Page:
Today's traditional PDAs are descendents of the original PalmPilot and Microsoft Handheld PC devices. Palm devices run the Palm OS (operating system), and Microsoft Pocket PCs run Windows Mobile. The differences between the two systems are fewer than in the past.
Most Palm devices are made by palmOne, which offers the Zire and Tungsten product lines. The company formed in 2003 when Palm Computing acquired Handspring, Inc. Sony, which produced the Palm-based CLIE, stopped producing PDAs in 2005.
Known for their ease of use, Palm OS PDAs have:
- A vast library of third-party applications (more than 20,000) that you can add to the system (most devices come bundled with e-mail, productivity and multimedia software)
- An updated version of the Graffiti handwriting-recognition application
- Synchronization with both Windows and Macintosh computers using the Palm Desktop
- Smaller displays than Pocket PCs to accommodate a dedicated Graffiti area on the device (Some higher-end Palm devices now incorporate a virtual Graffiti area in the display, resulting in a larger display area.)
Pocket PC is the generic name for Windows Mobile PDAs. Their standard features include:
- Pocket versions of Microsoft applications such as Microsoft Word, Excel, and Outlook (note that some formatting is lost between Pocket and standard versions of documents)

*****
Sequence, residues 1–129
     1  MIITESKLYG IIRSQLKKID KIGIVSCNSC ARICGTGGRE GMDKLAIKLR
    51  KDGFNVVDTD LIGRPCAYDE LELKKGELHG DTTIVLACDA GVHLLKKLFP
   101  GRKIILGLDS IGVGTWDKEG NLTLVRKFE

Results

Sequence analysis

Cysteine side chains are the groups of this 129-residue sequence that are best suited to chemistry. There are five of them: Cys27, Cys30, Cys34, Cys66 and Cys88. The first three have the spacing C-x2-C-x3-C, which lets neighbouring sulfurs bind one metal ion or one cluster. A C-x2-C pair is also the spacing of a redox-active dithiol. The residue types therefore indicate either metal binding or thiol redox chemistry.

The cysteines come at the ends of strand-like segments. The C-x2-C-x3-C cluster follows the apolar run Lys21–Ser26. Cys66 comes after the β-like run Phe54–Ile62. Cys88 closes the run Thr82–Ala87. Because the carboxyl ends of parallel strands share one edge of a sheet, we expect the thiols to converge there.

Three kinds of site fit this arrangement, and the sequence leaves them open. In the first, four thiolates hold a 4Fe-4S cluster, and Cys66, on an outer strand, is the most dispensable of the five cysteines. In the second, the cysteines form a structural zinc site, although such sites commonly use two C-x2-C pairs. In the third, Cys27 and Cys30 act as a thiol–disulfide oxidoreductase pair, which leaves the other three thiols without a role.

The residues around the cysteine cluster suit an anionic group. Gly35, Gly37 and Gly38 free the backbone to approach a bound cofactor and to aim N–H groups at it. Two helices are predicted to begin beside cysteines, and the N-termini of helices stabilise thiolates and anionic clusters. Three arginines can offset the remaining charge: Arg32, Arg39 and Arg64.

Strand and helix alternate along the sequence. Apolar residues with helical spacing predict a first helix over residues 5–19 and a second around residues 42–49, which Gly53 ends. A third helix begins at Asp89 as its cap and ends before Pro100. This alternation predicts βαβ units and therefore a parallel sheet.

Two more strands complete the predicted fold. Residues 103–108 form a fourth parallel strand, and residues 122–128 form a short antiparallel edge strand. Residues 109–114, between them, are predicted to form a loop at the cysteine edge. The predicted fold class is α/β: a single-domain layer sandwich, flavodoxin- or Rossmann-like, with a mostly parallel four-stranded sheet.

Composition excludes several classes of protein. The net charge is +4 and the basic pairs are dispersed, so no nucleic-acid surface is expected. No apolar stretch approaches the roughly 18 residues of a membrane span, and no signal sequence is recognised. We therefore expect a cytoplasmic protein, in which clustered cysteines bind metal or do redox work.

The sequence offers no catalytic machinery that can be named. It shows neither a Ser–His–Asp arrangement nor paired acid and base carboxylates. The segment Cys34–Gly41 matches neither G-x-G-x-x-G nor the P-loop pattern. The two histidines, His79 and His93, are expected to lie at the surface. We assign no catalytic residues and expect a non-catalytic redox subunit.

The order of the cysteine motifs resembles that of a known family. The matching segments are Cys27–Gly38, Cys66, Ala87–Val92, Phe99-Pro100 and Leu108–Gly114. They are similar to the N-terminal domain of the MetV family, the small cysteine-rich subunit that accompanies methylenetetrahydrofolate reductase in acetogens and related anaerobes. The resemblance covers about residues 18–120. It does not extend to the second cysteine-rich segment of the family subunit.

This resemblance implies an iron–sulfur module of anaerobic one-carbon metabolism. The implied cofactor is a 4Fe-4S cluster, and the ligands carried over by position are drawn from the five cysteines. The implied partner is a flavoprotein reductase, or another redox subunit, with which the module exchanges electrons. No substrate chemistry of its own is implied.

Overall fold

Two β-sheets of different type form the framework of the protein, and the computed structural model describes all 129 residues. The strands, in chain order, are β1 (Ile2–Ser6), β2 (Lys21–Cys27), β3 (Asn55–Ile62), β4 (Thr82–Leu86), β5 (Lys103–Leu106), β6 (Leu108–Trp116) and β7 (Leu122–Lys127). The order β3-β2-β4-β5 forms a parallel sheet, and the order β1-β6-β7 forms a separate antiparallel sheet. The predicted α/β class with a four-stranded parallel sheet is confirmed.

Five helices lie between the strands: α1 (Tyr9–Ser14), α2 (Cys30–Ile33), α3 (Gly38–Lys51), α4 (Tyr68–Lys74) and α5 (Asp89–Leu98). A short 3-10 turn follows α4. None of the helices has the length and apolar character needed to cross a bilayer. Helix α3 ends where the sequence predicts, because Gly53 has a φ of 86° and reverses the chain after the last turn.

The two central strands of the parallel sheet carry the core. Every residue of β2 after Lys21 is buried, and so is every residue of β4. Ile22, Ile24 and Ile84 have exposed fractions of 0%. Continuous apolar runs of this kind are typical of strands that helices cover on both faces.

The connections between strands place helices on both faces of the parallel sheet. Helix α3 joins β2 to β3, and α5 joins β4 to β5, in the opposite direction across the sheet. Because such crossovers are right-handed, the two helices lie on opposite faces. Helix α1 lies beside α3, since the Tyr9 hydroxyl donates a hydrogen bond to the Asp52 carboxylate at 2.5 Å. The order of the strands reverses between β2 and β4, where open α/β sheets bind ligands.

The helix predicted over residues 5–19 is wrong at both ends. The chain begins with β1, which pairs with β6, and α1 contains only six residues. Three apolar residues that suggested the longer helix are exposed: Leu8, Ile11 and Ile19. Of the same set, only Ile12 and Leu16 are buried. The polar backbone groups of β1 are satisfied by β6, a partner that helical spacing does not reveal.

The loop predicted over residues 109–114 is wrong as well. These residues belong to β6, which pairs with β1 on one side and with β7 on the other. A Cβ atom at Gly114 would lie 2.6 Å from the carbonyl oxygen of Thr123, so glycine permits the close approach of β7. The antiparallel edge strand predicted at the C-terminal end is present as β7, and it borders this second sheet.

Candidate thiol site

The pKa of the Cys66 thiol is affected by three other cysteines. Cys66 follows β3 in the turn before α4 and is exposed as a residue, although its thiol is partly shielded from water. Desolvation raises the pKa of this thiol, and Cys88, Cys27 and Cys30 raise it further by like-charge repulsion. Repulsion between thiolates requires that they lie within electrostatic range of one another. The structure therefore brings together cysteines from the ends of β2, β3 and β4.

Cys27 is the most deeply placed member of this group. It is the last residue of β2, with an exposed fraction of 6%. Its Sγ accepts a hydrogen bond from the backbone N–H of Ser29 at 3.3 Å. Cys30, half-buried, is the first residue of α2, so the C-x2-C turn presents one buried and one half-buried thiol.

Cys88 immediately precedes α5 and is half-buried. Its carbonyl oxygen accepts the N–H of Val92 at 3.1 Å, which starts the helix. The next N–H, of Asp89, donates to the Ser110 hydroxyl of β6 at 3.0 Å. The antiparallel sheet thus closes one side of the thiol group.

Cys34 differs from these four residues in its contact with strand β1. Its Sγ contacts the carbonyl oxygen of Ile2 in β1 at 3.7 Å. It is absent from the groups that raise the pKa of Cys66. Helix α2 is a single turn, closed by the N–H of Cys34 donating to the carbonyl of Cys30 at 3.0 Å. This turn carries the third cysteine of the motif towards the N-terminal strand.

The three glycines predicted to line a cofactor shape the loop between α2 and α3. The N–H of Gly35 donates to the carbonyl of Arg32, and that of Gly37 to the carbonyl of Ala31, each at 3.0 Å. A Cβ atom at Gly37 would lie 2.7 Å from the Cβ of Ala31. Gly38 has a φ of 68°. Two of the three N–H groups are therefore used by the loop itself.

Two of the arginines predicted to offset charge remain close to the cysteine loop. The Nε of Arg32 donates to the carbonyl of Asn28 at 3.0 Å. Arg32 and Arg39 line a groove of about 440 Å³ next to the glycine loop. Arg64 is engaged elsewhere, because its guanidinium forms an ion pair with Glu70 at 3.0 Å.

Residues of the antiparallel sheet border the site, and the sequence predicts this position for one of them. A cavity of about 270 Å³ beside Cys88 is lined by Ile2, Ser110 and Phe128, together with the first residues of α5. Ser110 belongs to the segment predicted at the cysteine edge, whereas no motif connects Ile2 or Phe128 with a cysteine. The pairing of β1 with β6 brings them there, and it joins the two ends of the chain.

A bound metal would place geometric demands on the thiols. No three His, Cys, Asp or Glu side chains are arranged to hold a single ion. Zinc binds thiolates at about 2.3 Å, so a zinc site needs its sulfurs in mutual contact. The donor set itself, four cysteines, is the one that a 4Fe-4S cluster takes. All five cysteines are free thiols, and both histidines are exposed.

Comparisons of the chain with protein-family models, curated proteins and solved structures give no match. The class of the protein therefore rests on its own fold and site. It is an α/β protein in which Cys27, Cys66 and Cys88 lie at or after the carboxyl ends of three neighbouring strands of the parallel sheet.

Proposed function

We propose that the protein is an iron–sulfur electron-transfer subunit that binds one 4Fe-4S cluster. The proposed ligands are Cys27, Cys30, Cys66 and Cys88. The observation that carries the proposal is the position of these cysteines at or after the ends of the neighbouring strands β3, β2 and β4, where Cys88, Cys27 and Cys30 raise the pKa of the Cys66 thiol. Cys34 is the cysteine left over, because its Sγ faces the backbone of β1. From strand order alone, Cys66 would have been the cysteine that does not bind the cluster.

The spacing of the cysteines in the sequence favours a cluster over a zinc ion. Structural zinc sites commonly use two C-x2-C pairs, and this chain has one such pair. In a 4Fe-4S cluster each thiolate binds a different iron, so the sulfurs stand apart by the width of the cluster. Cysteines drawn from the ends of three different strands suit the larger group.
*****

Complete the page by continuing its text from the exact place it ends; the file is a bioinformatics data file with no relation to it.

- Synchronization with Microsoft Outlook on a Windows PC (synchronization with e-mail systems other than Outlook or with Macintosh computers requires additional software)
- Three handwriting-recognition applications: Transcriber, Letter Recognizer (similar to the new version of Graffiti), and Block Recognizer (similar to the original Graffiti)
- A virtual writing area, which maximizes the display size
- Windows Media Player for multimedia content
A smartphone is either a cell phone with PDA capabilities or a traditional PDA with added cell phone capabilities, depending on the form factor (style) and manufacturer. Characteristics of these devices include:
- A cellular service provider to handle phone service (As with cell phones, you typically purchase a cellular plan and smart phone from the service provider.)
- Internet access through cellular data networks
- Various combinations of cell phone and PDA features, depending on the device (for example, not all smart phones offer handwriting-recognition capabilities)
- A number of different operating systems, including Windows Mobile Pocket PC Phone Edition, the Palm OS, the Blackberry OS for Blackberry smart phones, and the Symbian OS for smart phones from Panasonic, Nokia, Samsung and others.
Well, it doesn't look like a PDA...
Related devices include ultraportable computers, smart watches and multimedia players. Ultraportable computers range in weight from less than a pound to about three pounds, come with a full desktop operating system (such as Windows XP), and include a small keyboard. Smart watches offer some PDA functions in a wristwatch form factor. Microsoft's SPOT (Smart Personal Objects Technology)-based watches, for example, can receive MSN Direct information such as weather and news. They can also receive calendar information and personal messages. Some multimedia players can combine the functions of a PDA with multimedia features, such as a digital camera, an MP3 player and a video player.
In the next section, we'll look at what PDAs do and how they do it.